What I’m Into: November 2014

Well, my main project this month was bringing this guy into the world:

baby Felix

As most of you know by now, Felix Victor was born last week (November 19) here at home.

Everyone is doing really great. So far, Felix is a pretty happy guy and a great eater, though he’s really dramatic when he needs something. I am about eighteen times more relaxed about everything this time around which really helps. Lydia is adjusting to the changes astonishingly well (but it helps that she’s been staying with grandparents a lot). She looooooves to cuddle her new brother, except when she “doesn’t like babies.” Fair enough.

And if I’m honest, here is the number one reason I wanted a second baby from the start:

Lydia and Felix

Oh my melting mama heart.

I just wanted so badly for Lydia to have a sibling — someone to share her childhood with. I am so grateful God heard my prayers and baby Felix finally arrived safe and sound. We are so happy to have him join our family.

As for the name, if you’re interested . . . I fell in love with it way back while studying Latin in university — it means happy or fortunate. I like for my babies’ names to be linguistically consistent (both of Lydia’s names are Greek), so we gave him a Latin middle name — meaning victorious. Lots of happy words there.

So obviously my world has pretty much revolved around the family since his arrival, but here are a couple of things I’ve been into:

Books

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I’ve wanted to read Wendell Berry forever.  If you’re not familiar with him, Berry is one of the most prominent voices connecting the Christian faith and ecology. He’s a poet, novelist, essayist, and — importantly — a farmer. I finally got my hands on this book (What are People For?) and dug in — I kept it in my purse (hence its ragged state) and read it in the waiting room of the chiropractor and during Lydia’s swimming lessons.

SO MUCH GOOD STUFF. It’s a collection of essays exploring a range of topics that circle around our (broken) relationship with the land. It highlights the bleakness of our relationship to the earth but is infused with hope that change is possible.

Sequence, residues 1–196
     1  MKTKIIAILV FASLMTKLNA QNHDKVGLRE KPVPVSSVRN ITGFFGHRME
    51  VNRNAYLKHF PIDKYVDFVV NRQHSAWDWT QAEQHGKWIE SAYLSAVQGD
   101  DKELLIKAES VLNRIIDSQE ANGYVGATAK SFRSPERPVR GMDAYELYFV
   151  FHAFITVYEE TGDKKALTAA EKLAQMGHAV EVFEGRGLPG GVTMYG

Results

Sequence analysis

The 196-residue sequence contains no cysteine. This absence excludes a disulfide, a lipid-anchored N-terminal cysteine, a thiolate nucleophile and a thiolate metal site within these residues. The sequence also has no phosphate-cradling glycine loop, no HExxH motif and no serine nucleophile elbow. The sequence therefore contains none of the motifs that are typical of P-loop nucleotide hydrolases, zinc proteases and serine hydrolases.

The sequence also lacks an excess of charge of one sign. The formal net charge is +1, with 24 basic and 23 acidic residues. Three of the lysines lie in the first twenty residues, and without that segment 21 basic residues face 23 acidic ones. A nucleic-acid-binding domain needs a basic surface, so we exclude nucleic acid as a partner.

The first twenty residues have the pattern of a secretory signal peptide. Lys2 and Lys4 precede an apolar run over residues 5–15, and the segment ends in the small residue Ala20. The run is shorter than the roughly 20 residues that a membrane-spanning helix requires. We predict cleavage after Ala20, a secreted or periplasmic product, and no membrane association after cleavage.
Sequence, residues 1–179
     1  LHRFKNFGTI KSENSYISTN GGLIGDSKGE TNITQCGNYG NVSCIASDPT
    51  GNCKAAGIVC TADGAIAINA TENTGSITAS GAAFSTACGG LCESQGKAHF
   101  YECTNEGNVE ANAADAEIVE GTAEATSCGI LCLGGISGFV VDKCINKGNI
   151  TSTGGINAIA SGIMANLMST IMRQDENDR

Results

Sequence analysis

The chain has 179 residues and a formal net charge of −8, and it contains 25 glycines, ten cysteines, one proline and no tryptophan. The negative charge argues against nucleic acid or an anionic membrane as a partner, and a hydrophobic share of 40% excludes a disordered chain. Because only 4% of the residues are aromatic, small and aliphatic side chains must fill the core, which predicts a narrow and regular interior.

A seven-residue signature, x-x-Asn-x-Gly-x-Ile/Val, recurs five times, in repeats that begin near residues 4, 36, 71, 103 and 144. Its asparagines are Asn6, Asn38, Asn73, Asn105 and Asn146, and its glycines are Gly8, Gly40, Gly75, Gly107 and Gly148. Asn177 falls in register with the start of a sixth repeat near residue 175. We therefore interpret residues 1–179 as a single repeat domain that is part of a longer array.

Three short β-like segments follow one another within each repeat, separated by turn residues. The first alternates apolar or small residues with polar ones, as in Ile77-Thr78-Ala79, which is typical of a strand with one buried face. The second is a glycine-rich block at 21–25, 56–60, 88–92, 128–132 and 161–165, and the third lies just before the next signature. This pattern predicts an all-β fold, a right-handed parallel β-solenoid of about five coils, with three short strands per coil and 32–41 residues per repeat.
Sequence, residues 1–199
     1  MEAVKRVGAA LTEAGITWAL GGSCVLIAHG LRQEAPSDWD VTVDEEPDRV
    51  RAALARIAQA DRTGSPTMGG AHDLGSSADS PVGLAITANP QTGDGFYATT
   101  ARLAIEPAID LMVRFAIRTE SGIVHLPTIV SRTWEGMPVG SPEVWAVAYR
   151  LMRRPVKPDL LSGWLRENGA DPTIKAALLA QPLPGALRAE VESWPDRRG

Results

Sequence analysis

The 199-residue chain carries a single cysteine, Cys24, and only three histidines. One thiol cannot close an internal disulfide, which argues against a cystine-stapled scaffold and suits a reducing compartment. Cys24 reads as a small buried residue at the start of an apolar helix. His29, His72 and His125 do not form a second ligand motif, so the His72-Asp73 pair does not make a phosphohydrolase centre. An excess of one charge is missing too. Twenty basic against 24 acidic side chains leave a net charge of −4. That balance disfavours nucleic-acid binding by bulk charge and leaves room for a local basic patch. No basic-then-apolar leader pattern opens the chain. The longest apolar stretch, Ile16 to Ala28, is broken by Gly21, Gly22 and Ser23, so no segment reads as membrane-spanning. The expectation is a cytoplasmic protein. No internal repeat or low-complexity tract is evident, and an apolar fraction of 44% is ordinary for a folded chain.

Admittedly, Part 2 is a little academic, mostly exploring ecology and sustainability in relation to literary subjects; but Part 3 is a lot more accessible, and I found it very moving.

Television

After we ploughed through Season One of Veronica Mars on Netflix last month, we jumped right into Season Two. SO SO GOOD!!! Ben and I just loved it. Riveting plot, interesting characters, fantastic story-telling.

Again, it deals with really heavy stuff like child abuse, rape, murder, and suicide, yet I find it doesn’t fill my soul with blackness the way a lot of shows today (ahem — Walking Dead and Breaking Bad) do. (Note: I have not watched a significant amount of either; I’ve just seen enough scenes and heard enough synopses to determine tell they were not for me. Too many rotting/melting corpses.) Once again, we watched an episode almost every night until we finished the season.

Hoping Season 3 doesn’t disappoint!

Craftyness

I don’t usually make much time for crafting. I’m usually too busy in the kitchen, honestly. But reading The Nesting Place last month must have had a greater impact on me, subconsciously, than I realized. Suddenly, I wanted to make All The Home Decor. I started getting really excited to make wreaths and sunburst mirrors and I got a little carried away.

So here goes. I did all of these things while watching Veronica Mars with Ben.

Also: not a SINGLE one of these ideas is original to me (except the last one). Someone else came up with them. I just followed tutorials I found on Pinterest. I am not the creative mastermind behind them.

First I made this sunburst mirror out of poster board, following the tutorial on the Nesting Place blog. I paid $6 for the mirror at Michael’s, and another $1.50 for the cardstock. (So that’s $7.50 total.) It’s big, too — about three feet across. It’s going up over the new mantle Ben built for our gas fireplace — he just has to mount it.

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Then I started getting crazy with book pages. All of the paper you see in the items below come from the same old copy of Don Quixote. Thanks, Cervantes! I never read your book but it looks awesome on my walls!

book page wreathI got the instructions for this book page wreath from Vintage Paint and More. Since I already had the book, it cost me about a dollar in hot glue and took me three hours to make. It hangs above Lydia’s care of self table (which I talk about here). I’ve wanted something there for a year now, and I realized that what was missing from the room was something with texture. Here’s how it looks in its new surroundings: